Out of Mind

Somehow Out of Mind, the sequel to Falling Off Air, slipped my attention when it was released in 2005. Catherine Sampson has gone on to write thrillers set in Beijing, where she resides, but these two books are set in London and feature BBC journalist, Robin Ballantyne.

I was so enraptured with Falling Off Air that I included it in our bookclub selections that year. It has an unusual opening. Robin, a single mother to newborn twins, is having a wind down at the end of the day, looking out her parlour window,when a body drops out of the sky and lands in the street. She races outside only to realize that her front door has locked behind her. Frantic, she pounds heedlessly on doors trying to get help. How could I not want to know how Sampson was going to follow that up.

When I conjure up the writers who brilliantly incorporate children into their books, with all the messiness and inconvenience they entail, especially with a developing love interest, Catherine Sampson, Rafaella Barker (Hens Dancing, Summertime), and Ayelet Waldman (The Mommy-Track Mysteries, Love and Other Impossible Pursuits) come to mind. These are the writers who can balance a child with a leaky diaper in one hand and a career in the other. They know instinctively how to mother as well as how to write and are not the least bit phased about a child wailing over an important business call.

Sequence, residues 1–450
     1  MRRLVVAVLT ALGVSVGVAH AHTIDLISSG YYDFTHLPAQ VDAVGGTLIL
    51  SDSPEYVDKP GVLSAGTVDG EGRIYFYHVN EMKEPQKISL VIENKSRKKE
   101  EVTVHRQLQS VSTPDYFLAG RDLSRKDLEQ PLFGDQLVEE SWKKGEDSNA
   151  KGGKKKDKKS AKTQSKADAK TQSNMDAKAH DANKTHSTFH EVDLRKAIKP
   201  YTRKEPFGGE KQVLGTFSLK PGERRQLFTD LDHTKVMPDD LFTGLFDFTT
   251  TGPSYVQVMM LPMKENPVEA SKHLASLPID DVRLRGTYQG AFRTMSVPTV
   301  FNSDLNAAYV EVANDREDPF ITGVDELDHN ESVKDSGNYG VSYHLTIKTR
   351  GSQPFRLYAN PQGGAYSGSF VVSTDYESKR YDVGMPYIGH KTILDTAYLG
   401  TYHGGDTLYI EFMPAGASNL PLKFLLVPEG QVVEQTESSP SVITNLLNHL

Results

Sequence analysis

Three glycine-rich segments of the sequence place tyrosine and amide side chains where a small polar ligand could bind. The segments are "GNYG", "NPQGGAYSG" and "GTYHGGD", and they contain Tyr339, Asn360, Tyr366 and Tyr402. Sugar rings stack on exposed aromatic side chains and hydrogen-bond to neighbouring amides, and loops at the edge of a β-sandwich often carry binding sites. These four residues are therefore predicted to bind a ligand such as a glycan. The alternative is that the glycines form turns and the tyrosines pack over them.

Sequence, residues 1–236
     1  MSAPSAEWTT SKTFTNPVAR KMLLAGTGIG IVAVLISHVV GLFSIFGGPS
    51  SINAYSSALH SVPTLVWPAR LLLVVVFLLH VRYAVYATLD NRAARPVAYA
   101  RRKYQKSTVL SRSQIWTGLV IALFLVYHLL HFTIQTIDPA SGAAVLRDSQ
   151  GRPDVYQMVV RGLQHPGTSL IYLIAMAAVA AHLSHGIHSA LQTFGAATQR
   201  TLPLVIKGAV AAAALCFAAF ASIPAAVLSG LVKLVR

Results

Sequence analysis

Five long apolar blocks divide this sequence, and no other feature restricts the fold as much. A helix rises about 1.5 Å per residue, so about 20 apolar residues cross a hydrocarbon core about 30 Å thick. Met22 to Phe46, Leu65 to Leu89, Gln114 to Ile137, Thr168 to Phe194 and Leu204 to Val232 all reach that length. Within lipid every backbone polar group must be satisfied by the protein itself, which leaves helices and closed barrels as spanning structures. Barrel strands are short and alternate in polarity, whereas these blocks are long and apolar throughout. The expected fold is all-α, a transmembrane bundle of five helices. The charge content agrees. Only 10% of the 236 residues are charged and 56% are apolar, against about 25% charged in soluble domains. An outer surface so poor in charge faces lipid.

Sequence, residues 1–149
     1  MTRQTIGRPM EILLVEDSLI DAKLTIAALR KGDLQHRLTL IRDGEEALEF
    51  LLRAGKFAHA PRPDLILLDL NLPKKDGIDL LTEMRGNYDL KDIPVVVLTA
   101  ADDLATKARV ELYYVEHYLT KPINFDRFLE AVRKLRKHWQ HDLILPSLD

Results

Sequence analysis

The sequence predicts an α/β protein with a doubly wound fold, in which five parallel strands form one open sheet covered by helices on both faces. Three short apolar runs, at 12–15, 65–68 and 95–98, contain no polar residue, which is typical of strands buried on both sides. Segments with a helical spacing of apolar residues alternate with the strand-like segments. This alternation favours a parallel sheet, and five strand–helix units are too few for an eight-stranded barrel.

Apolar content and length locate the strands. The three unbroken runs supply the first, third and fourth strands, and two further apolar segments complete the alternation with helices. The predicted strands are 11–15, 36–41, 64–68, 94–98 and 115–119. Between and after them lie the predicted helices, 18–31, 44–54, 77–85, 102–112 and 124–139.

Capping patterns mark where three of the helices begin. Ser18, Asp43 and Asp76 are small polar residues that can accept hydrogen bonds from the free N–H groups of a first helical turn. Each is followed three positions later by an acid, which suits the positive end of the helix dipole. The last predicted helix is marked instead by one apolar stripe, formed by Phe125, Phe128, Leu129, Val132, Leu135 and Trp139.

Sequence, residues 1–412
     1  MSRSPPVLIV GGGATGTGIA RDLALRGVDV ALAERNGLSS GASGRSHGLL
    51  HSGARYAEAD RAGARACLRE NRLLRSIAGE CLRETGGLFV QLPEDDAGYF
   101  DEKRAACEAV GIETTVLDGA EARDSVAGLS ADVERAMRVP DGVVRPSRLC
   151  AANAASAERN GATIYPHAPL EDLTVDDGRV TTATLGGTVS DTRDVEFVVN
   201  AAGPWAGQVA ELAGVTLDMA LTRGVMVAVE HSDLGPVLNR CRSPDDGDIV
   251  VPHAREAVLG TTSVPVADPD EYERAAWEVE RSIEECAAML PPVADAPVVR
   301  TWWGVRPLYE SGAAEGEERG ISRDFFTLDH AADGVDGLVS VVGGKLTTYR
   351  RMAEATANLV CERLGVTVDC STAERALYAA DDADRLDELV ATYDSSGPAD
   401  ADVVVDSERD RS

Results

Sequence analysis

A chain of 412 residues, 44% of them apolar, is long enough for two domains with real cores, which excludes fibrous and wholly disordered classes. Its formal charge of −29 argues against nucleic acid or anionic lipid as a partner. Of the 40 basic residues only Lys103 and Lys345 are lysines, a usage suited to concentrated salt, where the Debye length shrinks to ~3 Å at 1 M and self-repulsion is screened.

Sampson writes catchy first chapters. Like something out of a nightmare dream sequence where you've got to run but your legs won't work, Out of Mind begins in a bucolic country setting with a BBC photographer who has witnessed all the horrors of the world, about to experience her own.

Robin Ballantyne's twins are now three years old and the crusty detective, Tom Finney, who investigated the case in Falling Off Air, is still hanging around, despite his lack of enthusiasm for the twins. The tartness of his reluctance nicely balances Robin's sweetness. Her first priority is her children and he wants to be part of her life, so ... Proving that opposites do attract, in fiction as well as life.

Great Britain produces top-notch mystery writers. Maybe it's something in the genes. Whatever the reason, Catherine Sampson is part of that pool.